Professor Frossard’s appointment as Full Professor will undoubtedly strengthen EPFL’s key strategic research areas.

* Simou, Effrosyni & Thanou, Dorina & Frossard, Pascal. (2020). node2coords: Graph Representation Learning with Wasserstein Barycenters. IEEE Transactions on Signal and Information Processing over Networks. PP. 1-1. 10.1109/TSIPN.2020.3041940.


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New “Sight and Sound” Algorithms to Identify COVID-19 Patterns

About a year ago, when the novel coronavirus broke out, medical science not only failed to arrest its spread but also to properly identify the developmental stages of the disease. Many casualties resulted because the progression of the disease was an enigma. In the later part of the year, there were nascent attempts to harness AI for COVID-19 diagnosis, treatment, and monitoring. A giant step in that direction has been taken recently by researchers at EPFL; they have developed algorithms that can practically see and hear COVID in a patient’s lungs.

The new deep learning algorithms DeepChest and DeepBreath have been developed by the team of Dr. Mary-Anne Hartley at EPFL’s intelligent Global Health group (iGH) based in the Machine Learning and Optimization Laboratory of Professor Martin Jaggi. DeepChest uses lung ultrasound images, while DeepBreath utilizes breath sounds from a digital stethoscope. The algorithms can accurately diagnose the novel coronavirus in patients and predict how much they will be affected by the virus strain.

Two nearby Swiss university hospitals are involved in developing the algorithms. At HUG, the Geneva University Hospitals, Professor Alain Gervaix has been collecting breath sounds since 2017 to develop an intelligent digital stethoscope called the “Pneumoscope” to diagnose pneumonia. The recordings have now helped develop the DeepBreath algorithm at EPFL. Initial trials show that DeepBreath can detect even asymptomatic COVID by identifying changes in lung tissue before the patient becomes aware of them.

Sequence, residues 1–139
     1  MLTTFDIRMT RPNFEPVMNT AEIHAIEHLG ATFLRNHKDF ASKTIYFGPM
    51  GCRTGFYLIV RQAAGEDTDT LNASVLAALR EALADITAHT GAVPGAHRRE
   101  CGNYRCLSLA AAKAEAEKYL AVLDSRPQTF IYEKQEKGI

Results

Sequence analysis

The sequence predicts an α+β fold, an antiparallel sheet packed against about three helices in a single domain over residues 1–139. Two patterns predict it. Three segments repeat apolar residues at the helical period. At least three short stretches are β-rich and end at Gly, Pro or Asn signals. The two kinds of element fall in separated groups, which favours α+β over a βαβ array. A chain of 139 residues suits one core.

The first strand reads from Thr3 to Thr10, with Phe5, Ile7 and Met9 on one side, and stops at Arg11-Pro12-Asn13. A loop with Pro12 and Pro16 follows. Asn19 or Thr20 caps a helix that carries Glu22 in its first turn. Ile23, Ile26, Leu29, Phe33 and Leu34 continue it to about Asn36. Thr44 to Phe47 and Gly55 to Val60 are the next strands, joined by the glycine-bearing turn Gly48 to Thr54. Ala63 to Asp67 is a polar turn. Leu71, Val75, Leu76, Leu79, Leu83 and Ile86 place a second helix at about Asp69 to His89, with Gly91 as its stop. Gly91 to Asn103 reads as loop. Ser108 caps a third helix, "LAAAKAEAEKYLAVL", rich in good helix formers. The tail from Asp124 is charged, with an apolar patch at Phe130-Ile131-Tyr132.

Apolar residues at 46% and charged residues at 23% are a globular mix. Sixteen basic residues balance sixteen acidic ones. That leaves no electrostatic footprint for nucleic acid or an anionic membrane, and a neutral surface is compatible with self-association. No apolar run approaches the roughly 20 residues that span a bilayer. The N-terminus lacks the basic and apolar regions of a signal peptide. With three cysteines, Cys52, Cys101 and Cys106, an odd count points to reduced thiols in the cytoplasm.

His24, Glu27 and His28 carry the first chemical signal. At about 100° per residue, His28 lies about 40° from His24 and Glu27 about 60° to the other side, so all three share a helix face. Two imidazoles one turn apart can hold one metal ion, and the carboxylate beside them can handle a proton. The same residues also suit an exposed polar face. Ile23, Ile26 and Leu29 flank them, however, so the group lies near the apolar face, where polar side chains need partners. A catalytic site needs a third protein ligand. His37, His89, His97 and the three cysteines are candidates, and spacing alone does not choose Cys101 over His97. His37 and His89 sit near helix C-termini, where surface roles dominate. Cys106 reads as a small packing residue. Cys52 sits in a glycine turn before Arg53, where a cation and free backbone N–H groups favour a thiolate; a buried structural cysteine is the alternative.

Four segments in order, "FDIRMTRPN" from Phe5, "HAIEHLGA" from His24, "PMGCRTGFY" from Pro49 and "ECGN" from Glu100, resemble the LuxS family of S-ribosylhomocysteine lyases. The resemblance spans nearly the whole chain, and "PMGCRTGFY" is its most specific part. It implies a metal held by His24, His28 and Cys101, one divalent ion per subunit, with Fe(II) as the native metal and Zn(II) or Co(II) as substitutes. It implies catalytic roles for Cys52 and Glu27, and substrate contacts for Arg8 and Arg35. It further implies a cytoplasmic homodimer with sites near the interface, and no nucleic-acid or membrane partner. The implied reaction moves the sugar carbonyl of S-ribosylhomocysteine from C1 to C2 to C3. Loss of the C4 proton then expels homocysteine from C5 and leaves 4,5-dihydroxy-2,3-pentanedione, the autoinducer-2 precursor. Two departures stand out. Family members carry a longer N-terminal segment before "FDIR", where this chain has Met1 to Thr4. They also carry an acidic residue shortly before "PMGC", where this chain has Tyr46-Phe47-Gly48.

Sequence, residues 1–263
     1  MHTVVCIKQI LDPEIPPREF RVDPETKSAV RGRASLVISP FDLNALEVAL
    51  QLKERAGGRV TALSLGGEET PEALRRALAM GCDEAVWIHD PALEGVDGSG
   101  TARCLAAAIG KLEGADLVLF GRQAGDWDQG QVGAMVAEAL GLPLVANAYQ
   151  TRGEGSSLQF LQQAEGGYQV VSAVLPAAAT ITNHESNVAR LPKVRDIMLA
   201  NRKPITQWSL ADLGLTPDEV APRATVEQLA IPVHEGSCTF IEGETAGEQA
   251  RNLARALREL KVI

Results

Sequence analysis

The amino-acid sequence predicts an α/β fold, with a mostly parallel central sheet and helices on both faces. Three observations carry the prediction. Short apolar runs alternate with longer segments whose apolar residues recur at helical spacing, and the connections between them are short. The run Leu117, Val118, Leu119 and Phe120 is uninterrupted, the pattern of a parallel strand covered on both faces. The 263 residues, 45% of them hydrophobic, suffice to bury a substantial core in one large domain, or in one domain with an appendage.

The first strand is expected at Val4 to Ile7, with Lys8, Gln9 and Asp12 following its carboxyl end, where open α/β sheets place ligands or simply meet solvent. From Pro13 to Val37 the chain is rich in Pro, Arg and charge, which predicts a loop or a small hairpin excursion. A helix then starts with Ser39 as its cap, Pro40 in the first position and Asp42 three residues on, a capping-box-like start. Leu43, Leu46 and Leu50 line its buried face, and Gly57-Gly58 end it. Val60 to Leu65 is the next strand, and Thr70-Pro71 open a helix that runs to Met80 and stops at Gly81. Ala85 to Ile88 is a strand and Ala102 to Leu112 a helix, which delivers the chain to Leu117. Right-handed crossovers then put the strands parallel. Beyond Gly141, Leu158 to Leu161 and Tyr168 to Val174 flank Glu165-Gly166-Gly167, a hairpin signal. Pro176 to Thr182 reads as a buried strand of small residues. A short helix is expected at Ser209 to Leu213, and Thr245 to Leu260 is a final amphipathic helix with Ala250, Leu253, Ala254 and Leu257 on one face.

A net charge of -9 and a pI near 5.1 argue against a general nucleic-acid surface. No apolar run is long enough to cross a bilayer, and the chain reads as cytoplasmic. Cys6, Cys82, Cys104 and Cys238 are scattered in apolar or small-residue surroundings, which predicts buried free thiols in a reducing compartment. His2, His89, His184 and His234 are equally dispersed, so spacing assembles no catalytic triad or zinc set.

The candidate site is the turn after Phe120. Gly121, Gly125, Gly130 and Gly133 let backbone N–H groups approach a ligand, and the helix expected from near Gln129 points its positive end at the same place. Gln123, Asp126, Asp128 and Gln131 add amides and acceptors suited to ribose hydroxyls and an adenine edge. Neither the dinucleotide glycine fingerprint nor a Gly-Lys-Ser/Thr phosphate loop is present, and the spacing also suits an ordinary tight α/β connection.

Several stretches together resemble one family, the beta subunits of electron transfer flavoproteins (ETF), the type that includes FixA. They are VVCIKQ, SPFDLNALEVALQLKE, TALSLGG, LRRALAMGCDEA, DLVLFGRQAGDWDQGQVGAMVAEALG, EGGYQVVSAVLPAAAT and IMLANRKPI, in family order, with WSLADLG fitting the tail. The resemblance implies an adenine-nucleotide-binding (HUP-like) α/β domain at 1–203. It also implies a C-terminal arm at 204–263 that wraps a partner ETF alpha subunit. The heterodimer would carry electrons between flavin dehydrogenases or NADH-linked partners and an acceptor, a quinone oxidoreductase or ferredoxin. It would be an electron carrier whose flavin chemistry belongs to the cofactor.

The clinical aspects of the DeepChest project are being conducted at CHUV, Lausanne’s University Hospital. Thousands of lung ultrasound images are being collected from patients admitted to the Emergency Department with COVID-19 symptoms. Although the image sample collection process started last year, they have since focused on COVID-19.

The algorithms are available on the EPFL website, but they are very much a work in progress. Efforts are on to further refine and validate the algorithms by inviting coding skills from around the world, including a year-long hackathon called ‘CODED-19’ by the EPFL community. As Professor Jaggi explains, “This AI is helping us to better understand complex patterns in these fundamental clinical exams. So far, results are highly promising.” At a later stage, iGH plans to develop a mobile application for the deep learning algorithms and make them available far and wide.

While the current effort is to specifically meet the COVID-19 challenge, its preliminary success has amply demonstrated how large-scale AI research can be used to remove some of the roadblocks for medical science.


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EPFL Scientists Spearhead Deep Learning Efforts to Clear Space Debris

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The space around the Earth is home to abandoned satellites, rocket boosters, and other bits of space debris that have accumulated over the years. It is estimated that there are tens of thousands of space debris in low Earth orbit (LEO). At least 34,000 orbiting pieces of junk are larger than 10 cm each, which make them a major threat because they are orbiting the Earth at very high speeds. There were two near collisions recently, which could have been disastrous: In September, the ISS was forced to conduct a maneuver to avert a possible collision with an unknown piece of space debris, while there were high chances of a Chinese ChangZheng-4c rocket crashing into an old Soviet Parus navigation satellite in October.